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IBLCE Study Tip #4: Counseling

We’re back with Ms. B today (gee, I wonder who that could be?), considering the nature of counseling questions, without the distracting details of a lactation-based example.

To recap, scenario #1:

Ms. B just finished driving from her home in Virginia to her family’s homes south of Rochester. She is talking on and on about what she must do before she leaves, how often she needs to stop, and the stamina needed to make the 350-mile trip. Which of the following would you say to Ms. B?

A. Intersperse her conversation with “mmm,” “yes,” “I see,” and “go on” as appropriate.
B. “I can see you don’t look forward to making the drive.  Have you considered taking a plane instead?”
C. “How frustrating! I’ll bet you felt pretty wiped out by the time you get there!”
D. “Yes, making a 350-mile trip alone takes so much planning and stamina that you probably wish you had stayed home!”

The answer? (Drum roll, please.) A.

Ms. B is just giving a description of what is going on. Saying “mmmm” or “yes” or “go on” is commonly known as “attending.” Attending is the lowest level of active listening. I think of it as what you would say on the phone when you want someone to know that you haven’t lost the connection. Used in person, this is a way to show that you are still “connected” with what the person is saying. In this case, Ms. B does not seem emotional about the situation; she is merely stating what it’s like to make the drive.

Response B is incorrect for two reasons. First, the listener has jumped to the conclusion that Ms. B doesn’t look forward to the drive, which has not been expressed. Second, “have you considered taking a plane” is somewhat judgmental, bordering on telling Ms. B what to do.

Option C reflects feelings, but Ms. B. has not expressed any feelings here.

Option D also jumps to a conclusion. Ms. B. has merely told her story, and the listener has no real reason to interpret her account as wishing she had stayed home.

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Now, scenario #2. To recap:

Ms. B just finished driving from her home in Virginia to her family’s homes south of Rochester. She is giving a play-by-play account of the multiple delays she encountered with construction, holiday travelers, and other issues that made traffic come to a dead halt along the way. She goes on to report that her usual coping strategies–listening to her iPod, making phone calls–are not working for one reason or another. You note that her voice is nearly quivering as she tells you how this particular 350-mile trip was interminably slow. Which of the following would you say to Ms. B?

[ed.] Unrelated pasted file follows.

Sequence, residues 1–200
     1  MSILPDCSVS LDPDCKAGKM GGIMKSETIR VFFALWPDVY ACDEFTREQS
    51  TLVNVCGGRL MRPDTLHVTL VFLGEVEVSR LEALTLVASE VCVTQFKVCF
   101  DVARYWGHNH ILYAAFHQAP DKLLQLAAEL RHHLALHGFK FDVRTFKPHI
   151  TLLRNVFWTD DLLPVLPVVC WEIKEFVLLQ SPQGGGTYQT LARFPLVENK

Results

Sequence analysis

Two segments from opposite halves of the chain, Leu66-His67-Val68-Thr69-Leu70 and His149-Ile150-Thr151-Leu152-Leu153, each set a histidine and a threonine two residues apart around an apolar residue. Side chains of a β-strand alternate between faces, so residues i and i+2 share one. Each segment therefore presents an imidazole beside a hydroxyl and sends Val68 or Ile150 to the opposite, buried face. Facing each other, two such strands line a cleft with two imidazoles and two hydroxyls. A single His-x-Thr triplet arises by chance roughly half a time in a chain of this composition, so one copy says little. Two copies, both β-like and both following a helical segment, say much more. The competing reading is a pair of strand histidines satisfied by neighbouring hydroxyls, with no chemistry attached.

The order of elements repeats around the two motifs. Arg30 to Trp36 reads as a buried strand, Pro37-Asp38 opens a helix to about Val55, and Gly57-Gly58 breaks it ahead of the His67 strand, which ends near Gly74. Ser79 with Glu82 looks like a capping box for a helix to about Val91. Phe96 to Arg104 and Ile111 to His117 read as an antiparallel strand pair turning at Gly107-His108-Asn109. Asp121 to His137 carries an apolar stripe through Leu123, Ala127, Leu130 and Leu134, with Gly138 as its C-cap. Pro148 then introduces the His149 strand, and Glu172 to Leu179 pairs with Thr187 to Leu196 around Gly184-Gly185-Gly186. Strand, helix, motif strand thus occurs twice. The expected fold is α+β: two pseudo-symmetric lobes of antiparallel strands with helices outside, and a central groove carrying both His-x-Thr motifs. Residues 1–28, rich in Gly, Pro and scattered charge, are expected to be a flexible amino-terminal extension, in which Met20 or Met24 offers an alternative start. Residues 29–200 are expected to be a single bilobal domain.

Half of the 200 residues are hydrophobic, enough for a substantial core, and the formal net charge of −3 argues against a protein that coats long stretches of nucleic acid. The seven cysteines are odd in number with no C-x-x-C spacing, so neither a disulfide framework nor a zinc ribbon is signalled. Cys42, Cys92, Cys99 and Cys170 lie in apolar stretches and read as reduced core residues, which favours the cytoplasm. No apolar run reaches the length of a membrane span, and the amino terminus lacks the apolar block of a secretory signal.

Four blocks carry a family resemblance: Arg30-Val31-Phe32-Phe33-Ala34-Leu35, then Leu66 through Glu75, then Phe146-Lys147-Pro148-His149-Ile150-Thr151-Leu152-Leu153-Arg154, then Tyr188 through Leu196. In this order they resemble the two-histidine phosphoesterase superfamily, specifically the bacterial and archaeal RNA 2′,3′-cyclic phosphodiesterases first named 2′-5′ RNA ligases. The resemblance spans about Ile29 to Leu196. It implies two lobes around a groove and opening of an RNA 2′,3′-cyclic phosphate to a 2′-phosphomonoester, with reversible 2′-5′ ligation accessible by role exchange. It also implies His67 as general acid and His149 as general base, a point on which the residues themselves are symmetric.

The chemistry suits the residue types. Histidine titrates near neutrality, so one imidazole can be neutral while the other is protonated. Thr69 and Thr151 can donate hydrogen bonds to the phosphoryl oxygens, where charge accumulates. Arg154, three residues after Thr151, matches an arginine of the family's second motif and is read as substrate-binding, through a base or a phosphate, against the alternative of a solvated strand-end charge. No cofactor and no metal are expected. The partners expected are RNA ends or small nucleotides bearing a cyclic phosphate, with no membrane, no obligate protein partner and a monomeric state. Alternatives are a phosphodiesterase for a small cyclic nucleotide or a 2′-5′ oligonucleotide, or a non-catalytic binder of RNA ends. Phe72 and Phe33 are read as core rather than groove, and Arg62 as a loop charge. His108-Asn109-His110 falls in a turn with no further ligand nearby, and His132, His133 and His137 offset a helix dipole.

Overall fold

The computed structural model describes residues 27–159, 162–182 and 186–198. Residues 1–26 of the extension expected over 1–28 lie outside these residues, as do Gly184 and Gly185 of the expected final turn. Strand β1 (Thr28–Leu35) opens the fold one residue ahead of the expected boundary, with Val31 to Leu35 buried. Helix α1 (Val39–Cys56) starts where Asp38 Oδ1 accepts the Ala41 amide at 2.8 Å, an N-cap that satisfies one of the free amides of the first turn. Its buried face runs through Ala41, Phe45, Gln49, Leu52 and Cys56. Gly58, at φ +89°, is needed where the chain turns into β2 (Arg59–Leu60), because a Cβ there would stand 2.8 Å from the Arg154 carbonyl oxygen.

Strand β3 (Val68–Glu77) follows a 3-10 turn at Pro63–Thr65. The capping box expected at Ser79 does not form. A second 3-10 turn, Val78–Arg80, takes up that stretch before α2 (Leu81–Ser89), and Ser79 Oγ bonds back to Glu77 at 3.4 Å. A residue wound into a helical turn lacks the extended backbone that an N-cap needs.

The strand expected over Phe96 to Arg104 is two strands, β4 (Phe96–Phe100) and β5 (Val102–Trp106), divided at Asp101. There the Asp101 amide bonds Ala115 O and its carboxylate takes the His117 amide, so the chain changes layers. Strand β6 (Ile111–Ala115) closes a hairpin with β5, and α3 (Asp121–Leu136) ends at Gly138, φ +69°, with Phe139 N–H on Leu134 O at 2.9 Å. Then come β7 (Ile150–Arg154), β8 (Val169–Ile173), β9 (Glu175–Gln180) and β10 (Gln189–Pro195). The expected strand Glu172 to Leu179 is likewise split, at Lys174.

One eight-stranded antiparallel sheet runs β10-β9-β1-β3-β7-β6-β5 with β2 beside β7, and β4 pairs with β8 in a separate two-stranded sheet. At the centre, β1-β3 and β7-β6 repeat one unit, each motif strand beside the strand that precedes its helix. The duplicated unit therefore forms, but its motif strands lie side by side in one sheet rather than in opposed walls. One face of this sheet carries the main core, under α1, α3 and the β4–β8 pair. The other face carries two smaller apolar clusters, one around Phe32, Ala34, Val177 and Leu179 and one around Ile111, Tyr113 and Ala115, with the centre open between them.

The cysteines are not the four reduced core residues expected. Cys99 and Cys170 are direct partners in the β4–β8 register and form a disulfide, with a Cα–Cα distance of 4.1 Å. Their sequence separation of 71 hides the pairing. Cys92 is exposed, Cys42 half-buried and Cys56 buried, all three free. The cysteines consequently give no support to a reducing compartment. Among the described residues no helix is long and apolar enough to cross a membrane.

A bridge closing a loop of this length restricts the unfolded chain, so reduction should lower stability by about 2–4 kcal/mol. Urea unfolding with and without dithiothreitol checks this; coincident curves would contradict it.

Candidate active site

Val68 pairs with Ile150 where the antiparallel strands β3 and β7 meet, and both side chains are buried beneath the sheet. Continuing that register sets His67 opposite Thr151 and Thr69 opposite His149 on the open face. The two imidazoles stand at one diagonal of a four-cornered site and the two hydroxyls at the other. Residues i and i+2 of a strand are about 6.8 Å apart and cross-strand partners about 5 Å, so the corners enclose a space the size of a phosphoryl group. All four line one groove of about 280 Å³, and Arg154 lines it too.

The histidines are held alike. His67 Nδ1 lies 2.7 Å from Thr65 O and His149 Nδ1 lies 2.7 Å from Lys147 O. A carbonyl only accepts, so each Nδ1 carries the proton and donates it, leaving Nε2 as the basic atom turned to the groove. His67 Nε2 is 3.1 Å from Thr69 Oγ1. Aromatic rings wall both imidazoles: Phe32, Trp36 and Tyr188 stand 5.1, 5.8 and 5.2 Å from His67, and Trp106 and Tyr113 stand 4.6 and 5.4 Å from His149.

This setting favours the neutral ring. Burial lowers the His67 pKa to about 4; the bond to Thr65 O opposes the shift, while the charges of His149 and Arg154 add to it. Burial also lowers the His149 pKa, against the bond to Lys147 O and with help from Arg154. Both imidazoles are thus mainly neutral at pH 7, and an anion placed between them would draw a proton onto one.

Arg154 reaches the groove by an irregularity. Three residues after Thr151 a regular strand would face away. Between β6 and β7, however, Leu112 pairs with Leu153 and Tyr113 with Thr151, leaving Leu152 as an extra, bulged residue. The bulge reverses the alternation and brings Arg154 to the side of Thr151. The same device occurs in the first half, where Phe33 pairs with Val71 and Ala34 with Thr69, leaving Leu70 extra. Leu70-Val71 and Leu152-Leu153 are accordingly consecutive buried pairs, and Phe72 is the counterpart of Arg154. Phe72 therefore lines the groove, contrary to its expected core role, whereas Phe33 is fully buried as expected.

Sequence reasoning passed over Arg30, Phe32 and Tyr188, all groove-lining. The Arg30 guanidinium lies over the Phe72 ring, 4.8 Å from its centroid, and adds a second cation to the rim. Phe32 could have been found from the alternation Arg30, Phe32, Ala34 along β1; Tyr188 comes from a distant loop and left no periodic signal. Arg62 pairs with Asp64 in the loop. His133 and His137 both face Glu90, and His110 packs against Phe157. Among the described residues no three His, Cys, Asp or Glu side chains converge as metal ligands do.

A. Intersperse her conversation with “mmm,” “yes,” “I see,” and “go on” as appropriate.
B. “I can see you don’t look forward to making the drive.  Have you considered taking a plane instead?”
C. “How frustrating! I’ll bet you felt pretty wiped out by the time you get there!”
D. “Yes, making a 350-mile trip alone takes so much planning and stamina that you probably wish you had stayed home!”

The answer for scenario #2? C.

Option C is excellent, because it reflects what the listener interprets to be Ms. B’s feelings. Ms. B is showing some strong feelings; her voice is quivering, and the listener has heard that her coping mechanisms are not available.

Option A is incorrect because “mmmm” and “yes” and “I see” and “go on” are the lowest level of listening. Because Ms. B’s words and tone are emotionally-loaded, the listener should instead reflect feelings.

Again, option B is inappropriate because it is somewhat judgmental, bordering on telling Ms. B what to do.

Option D jumps to conclusions. Although this does reflect feelings, it’s not the “planning and stamina” that are downers for Ms. B. It’s the multiple and excessive traffic delays that permeate her story.

Note that the response options for these two scenarios are exactly the same, but the ways in which the speaker presents the story is very different. Hence, in a counseling situation, the answers must be very different.

Stay tuned for more about counseling tomorrow!

IBLCE Study Tip #5: Counseling Don'ts--and Do
IBLCE Exam Study Tip #3: Counseling

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